Let's put it this way... I drink EVERY day. I drink, perhaps a dozen different wines, liquors, beers, daily, as part of my job. I then judge whether I (or my staff) can sell this alcoholic (though I do love dabbling with non-alcoholic beverages as well... one of my favorite restaurant projects was compiling a non-alcoholic soda menu for my more sober patrons) beverage at the price that a restaurant mark-up would necessitate. I taste thousands of wines a year. And, while I don't have a rating system which major publishing market houses refer to for their critical reviews, I do have a very simple rating system, which is my customers and my staff's appreciation of my choices. Sometimes I fail their expectations, but more often than not (and my restaurant sales will reflect this) I "wow" and excite my guests with new interesting varietals and styles that they're not going to read about in the major trade mags.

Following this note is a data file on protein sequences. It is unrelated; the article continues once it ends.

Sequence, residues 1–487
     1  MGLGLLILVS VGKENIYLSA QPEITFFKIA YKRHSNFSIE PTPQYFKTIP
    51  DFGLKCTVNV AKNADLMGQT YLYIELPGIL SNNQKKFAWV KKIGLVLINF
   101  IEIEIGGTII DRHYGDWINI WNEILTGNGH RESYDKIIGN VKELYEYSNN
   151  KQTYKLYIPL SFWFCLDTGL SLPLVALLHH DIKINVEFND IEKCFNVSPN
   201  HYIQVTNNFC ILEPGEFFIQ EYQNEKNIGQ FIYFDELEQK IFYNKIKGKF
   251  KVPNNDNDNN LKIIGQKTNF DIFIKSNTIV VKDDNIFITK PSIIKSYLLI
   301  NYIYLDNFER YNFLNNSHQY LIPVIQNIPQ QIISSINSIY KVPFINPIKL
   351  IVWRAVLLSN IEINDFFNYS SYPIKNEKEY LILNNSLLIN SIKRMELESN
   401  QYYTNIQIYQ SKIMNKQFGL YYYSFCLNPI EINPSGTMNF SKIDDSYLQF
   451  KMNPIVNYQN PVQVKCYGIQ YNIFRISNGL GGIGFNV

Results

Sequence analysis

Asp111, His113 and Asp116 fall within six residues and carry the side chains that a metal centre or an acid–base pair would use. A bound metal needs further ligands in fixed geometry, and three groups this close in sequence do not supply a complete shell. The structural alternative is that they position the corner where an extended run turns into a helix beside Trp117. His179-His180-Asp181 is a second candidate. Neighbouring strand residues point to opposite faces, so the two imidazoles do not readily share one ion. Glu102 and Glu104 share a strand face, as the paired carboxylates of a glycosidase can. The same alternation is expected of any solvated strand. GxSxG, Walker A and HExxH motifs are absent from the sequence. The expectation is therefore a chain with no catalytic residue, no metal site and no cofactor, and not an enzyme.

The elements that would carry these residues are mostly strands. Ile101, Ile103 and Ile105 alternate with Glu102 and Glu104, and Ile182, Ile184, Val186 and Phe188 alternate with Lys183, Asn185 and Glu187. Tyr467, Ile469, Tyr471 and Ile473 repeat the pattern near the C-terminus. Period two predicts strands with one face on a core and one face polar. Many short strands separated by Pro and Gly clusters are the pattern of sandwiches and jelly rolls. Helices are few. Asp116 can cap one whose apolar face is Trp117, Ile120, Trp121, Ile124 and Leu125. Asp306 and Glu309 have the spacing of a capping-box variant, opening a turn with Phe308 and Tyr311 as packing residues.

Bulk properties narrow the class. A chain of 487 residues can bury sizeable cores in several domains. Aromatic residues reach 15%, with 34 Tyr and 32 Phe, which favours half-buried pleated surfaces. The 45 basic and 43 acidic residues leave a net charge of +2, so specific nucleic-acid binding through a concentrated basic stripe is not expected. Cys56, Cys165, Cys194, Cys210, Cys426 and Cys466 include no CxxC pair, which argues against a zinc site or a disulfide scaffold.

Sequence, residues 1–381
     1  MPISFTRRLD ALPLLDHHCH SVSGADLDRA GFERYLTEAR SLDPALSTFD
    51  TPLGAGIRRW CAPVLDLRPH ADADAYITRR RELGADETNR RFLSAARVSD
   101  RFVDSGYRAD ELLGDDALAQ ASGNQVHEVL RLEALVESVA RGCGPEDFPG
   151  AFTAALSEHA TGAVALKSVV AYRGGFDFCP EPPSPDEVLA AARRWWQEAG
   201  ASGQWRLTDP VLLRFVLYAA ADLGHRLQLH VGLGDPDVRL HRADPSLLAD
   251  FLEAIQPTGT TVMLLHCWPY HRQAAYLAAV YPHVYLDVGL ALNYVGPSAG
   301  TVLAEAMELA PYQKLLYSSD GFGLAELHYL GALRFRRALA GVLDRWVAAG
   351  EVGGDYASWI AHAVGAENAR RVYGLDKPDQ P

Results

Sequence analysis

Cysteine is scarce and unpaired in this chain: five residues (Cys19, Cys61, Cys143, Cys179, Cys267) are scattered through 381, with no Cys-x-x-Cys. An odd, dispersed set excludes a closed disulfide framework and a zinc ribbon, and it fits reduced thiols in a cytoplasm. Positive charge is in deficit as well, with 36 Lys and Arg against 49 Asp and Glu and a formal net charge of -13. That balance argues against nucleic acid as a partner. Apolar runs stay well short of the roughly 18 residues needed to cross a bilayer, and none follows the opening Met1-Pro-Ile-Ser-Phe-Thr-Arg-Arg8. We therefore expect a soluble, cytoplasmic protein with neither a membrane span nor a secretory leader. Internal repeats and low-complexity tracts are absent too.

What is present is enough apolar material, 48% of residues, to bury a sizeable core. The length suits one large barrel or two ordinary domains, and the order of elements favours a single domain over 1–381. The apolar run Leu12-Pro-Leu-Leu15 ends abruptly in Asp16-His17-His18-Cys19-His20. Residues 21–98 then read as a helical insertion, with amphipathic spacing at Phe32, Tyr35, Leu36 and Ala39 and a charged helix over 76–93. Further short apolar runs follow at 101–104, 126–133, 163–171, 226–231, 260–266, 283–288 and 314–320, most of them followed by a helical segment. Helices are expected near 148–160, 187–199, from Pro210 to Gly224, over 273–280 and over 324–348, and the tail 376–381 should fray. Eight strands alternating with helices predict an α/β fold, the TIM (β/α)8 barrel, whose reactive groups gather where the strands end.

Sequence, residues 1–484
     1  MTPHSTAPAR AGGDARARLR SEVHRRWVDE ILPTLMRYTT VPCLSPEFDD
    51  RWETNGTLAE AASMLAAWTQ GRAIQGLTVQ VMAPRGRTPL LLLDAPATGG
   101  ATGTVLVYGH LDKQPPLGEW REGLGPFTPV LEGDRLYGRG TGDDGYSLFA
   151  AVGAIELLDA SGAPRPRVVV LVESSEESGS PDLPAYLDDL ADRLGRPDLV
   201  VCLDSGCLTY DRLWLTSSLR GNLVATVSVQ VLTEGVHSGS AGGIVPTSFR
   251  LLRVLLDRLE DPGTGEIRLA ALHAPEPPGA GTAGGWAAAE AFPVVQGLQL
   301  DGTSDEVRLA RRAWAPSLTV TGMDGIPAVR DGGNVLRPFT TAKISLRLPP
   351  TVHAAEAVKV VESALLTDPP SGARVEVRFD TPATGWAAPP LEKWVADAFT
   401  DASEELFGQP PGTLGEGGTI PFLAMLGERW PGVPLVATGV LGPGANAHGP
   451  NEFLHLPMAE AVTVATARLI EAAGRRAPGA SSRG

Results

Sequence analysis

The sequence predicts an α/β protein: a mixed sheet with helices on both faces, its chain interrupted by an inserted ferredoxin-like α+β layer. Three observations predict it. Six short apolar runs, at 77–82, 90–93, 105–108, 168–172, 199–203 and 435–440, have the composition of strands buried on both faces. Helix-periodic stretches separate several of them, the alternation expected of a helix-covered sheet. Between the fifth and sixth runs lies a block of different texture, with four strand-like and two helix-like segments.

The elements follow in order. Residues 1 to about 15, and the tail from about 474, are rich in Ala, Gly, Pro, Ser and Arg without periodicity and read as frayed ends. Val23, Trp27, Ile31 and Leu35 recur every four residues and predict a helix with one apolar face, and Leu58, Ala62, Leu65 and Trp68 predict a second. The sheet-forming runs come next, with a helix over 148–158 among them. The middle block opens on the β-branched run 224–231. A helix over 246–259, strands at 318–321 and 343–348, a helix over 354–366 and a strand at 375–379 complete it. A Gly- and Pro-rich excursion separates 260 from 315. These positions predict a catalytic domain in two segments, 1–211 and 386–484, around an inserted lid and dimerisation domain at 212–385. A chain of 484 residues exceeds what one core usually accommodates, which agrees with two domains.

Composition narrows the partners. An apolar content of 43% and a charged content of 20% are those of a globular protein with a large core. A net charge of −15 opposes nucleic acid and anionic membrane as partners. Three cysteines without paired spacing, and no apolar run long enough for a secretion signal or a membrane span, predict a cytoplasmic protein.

I will not sit here and tell you that I'm a classically trained Sommellier or UC Davis Grad. I am a simple, humble servant to the god Bacchus. My goal is to keep the subject of wine light, lively and conversational. I will not sit here and tell you I know everything there is to know about wine, far from it. And fuck the guy who tells you he does know everything there is to know about wine. That douche-bag is straight-up lying to you. The world of wine is too vast. It takes an army of magazines, bloggers, wine store clerks, websites, TV personalities to help us choose which bottle would be the absolute BEST bottle to drink with this evenings dining selection tandoori barbecued shrimp.